“The Last Nighthawk” Christian Light: I love this time of year.
It’s a great opportunity for a good beach run, which I am a huge fan of.
With all the nice weather going on, its ideal to take a walk through the local park and picnic with the wife and kids.
But probably best of all, football preseason is in full swing. And while my favorite team lost their preseason opener, there's some positive that can be taken from it in that they're working out the kinks in their system.
[Christian cranks his arm back and fires the ball down the field. As he does, the camera shifts, and we see that he’s throwing to a young man in shorts and a Mepham high gray T-shirt. However, the throw is way over the young man’s head.]
Light[to the running young man]: Sorry, kid!
[Christian leans over and grabs another football as the camera shifts back to put him front and center.]
Light: There are a lot of ways that wrestling and football are similar, more so than most people realize. The comparison is usually there because of the physicality of both sports...both require men, usually of unusual size, to attack each other in some physical way, each other until one of them can't answer the bell, so to speak. In football, this results in broken plays, sacks, turnovers, or long touchdown drives. In wrestling, we trade in wins and losses, pinfalls and submissions. But the middle part is still the same: two or more people grappling with one another in as physical a way as possible in order to meet an end.
[Winding up, Light throws another pass to another streaking kid. It’s on target, but it hits the kid in the hands and falls to the ground, incomplete. Christian, sighing, picks up another football.]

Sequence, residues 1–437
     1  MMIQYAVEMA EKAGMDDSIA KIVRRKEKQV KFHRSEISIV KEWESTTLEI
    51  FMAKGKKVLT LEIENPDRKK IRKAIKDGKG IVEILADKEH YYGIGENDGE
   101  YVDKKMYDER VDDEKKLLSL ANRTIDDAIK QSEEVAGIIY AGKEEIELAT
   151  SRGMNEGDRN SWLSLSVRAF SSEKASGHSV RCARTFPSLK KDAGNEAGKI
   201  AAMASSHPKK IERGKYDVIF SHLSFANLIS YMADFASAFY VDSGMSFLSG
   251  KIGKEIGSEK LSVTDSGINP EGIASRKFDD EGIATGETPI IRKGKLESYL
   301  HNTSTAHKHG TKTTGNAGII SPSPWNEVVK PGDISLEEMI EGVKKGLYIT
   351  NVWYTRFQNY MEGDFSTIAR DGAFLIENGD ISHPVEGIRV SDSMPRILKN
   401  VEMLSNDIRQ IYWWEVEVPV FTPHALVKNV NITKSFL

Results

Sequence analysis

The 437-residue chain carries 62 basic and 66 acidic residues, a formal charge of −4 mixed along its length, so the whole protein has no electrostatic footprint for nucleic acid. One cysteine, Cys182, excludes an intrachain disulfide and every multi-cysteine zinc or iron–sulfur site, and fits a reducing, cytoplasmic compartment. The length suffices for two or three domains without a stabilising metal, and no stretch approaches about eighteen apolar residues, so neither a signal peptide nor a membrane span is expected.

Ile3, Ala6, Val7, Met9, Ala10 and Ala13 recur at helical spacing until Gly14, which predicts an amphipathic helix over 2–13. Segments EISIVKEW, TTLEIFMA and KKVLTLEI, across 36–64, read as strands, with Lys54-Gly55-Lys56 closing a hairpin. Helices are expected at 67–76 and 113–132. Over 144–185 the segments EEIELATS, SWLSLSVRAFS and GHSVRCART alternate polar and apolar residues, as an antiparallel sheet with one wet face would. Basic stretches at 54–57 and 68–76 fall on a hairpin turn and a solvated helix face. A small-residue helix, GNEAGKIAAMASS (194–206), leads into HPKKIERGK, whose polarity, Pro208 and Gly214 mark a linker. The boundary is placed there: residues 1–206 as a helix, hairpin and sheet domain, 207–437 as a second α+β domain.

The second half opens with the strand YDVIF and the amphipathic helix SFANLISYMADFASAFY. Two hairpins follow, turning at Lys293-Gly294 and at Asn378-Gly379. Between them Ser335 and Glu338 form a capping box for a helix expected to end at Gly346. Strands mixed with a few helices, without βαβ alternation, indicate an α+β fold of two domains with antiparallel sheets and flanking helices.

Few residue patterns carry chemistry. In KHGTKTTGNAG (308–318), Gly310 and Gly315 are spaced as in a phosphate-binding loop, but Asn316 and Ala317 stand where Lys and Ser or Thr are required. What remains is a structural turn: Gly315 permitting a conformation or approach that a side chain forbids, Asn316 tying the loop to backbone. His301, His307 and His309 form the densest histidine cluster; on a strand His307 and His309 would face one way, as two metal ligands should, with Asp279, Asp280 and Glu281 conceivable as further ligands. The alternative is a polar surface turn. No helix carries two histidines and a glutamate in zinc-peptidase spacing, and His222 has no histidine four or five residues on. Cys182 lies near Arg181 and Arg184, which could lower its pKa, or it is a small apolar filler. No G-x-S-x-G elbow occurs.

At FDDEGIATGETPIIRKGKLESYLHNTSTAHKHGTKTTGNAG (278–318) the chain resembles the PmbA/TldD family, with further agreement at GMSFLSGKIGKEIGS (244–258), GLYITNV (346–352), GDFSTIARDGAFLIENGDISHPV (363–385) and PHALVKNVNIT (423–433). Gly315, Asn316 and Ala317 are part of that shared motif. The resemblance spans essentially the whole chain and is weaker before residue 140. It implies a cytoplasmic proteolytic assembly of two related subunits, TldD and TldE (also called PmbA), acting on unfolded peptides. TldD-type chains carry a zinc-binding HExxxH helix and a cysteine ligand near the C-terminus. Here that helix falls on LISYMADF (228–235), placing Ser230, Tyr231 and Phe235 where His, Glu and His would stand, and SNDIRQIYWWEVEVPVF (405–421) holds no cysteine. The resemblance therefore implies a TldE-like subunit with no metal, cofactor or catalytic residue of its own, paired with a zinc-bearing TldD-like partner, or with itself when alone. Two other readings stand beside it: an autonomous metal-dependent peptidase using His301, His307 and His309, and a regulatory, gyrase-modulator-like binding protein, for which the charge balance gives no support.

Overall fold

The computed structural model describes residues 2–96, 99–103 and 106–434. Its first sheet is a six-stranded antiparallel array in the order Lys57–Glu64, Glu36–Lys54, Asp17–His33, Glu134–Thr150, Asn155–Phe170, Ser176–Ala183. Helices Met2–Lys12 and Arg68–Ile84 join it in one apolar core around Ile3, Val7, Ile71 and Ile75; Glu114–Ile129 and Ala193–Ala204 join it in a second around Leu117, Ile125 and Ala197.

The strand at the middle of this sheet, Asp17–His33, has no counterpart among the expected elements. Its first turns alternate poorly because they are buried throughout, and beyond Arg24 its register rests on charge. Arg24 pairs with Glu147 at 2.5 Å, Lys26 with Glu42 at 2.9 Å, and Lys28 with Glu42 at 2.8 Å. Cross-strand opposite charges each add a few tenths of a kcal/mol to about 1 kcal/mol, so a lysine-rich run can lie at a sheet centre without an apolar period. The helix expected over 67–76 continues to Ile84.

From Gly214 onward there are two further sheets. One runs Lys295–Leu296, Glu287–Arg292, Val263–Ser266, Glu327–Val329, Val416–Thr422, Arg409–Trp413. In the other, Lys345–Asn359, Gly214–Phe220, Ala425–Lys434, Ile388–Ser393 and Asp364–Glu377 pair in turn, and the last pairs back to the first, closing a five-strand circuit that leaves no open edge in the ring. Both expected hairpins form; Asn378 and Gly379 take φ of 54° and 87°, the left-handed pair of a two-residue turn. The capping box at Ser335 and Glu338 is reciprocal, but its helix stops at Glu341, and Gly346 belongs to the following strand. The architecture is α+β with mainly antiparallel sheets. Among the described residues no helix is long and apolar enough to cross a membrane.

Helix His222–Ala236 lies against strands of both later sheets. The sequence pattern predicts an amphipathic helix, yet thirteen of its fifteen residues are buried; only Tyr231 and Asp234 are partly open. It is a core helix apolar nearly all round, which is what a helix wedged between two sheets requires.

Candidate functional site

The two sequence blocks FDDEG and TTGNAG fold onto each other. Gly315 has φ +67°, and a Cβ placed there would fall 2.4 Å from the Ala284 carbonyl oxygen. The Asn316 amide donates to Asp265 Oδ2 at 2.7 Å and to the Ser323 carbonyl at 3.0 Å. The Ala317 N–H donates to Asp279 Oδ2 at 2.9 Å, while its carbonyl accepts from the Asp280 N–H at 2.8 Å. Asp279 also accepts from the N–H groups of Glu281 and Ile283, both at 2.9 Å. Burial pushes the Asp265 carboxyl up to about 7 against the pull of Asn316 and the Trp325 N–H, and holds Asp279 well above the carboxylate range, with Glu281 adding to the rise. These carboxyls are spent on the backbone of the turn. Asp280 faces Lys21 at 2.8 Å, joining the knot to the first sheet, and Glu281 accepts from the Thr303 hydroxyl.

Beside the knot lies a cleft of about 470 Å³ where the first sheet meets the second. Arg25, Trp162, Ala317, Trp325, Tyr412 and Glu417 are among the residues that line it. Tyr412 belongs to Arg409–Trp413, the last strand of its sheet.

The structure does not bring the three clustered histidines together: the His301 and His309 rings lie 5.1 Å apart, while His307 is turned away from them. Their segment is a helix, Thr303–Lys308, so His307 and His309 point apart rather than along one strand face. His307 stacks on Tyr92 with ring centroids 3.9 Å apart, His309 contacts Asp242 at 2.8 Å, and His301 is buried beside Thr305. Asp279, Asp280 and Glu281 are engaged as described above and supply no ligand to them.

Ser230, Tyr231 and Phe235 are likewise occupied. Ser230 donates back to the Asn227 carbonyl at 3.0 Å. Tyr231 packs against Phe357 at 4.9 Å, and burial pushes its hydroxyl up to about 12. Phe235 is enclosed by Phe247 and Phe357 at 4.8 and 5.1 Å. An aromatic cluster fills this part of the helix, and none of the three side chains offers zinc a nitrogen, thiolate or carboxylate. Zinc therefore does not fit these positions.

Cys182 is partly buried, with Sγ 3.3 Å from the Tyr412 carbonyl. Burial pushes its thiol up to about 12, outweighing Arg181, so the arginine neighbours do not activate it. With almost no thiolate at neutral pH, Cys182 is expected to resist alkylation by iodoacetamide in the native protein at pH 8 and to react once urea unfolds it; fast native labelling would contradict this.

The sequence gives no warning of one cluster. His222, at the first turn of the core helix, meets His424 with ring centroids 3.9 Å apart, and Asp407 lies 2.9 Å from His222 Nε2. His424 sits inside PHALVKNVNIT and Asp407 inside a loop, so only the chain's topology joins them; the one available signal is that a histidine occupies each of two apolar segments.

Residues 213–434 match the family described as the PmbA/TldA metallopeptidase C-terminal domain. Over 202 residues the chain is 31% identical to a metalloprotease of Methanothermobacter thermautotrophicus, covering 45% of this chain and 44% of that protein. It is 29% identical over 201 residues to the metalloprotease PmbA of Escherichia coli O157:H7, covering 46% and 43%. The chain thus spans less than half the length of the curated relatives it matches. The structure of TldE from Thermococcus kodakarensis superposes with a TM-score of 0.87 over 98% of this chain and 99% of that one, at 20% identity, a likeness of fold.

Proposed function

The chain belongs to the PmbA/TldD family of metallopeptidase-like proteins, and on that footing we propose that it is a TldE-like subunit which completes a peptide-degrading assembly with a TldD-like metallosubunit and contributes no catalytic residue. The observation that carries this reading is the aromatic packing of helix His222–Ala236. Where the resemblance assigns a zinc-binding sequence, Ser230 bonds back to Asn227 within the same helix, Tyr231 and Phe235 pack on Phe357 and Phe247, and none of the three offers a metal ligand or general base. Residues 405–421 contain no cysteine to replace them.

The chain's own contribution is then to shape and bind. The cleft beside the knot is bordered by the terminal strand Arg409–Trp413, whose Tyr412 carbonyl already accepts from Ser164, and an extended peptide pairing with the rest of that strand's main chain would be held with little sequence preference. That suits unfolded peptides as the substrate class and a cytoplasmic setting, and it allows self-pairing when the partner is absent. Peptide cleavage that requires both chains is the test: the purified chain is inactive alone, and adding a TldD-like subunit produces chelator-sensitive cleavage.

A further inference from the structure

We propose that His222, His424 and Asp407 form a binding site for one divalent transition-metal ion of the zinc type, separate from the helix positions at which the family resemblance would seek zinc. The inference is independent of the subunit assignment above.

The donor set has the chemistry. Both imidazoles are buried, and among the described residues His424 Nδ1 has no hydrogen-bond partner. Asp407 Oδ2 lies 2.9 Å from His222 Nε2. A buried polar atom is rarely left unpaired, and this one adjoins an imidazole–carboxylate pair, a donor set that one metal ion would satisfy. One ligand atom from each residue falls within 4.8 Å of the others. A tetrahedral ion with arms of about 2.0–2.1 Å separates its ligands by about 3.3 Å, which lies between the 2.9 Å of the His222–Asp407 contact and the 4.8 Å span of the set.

Light: The wrestling and football comparisons can go on for days...pride in their sport, fame and sometimes fortune to the victors, a potentially hard life when it’s all said and done...but one thing that is also similar that people fail to pick up is that both football and wrestling have systems.
[Light uncorks another throw, a longer pass than the last two. This one falls short of the receiver. He leans over and grabs another football.]
Light: In football, the systems have to do with the type of people and type of plays that someone wants to run. For example, some teams embrace the fullback role, while others don't have a fullback on their team at all. In wrestling, people embrace different fighting styles and different training techniques to hone them into their own personal weapon of choice. In either sport, it's important to match the personnel to the system. Mike McCarthy uses an attacking 3-4, so having a 4-3 linebacker that specializes in zone coverage and cleaning up any edge runs isn't going to be a good fit. Likewise, If I tried to emulate a style like, say, Rezin, it wouldn’t be too effective. I don't have the size and agility to pull off a Rezinrana or a Damascus Heel with the necessary effectiveness it requires to win at the highest level.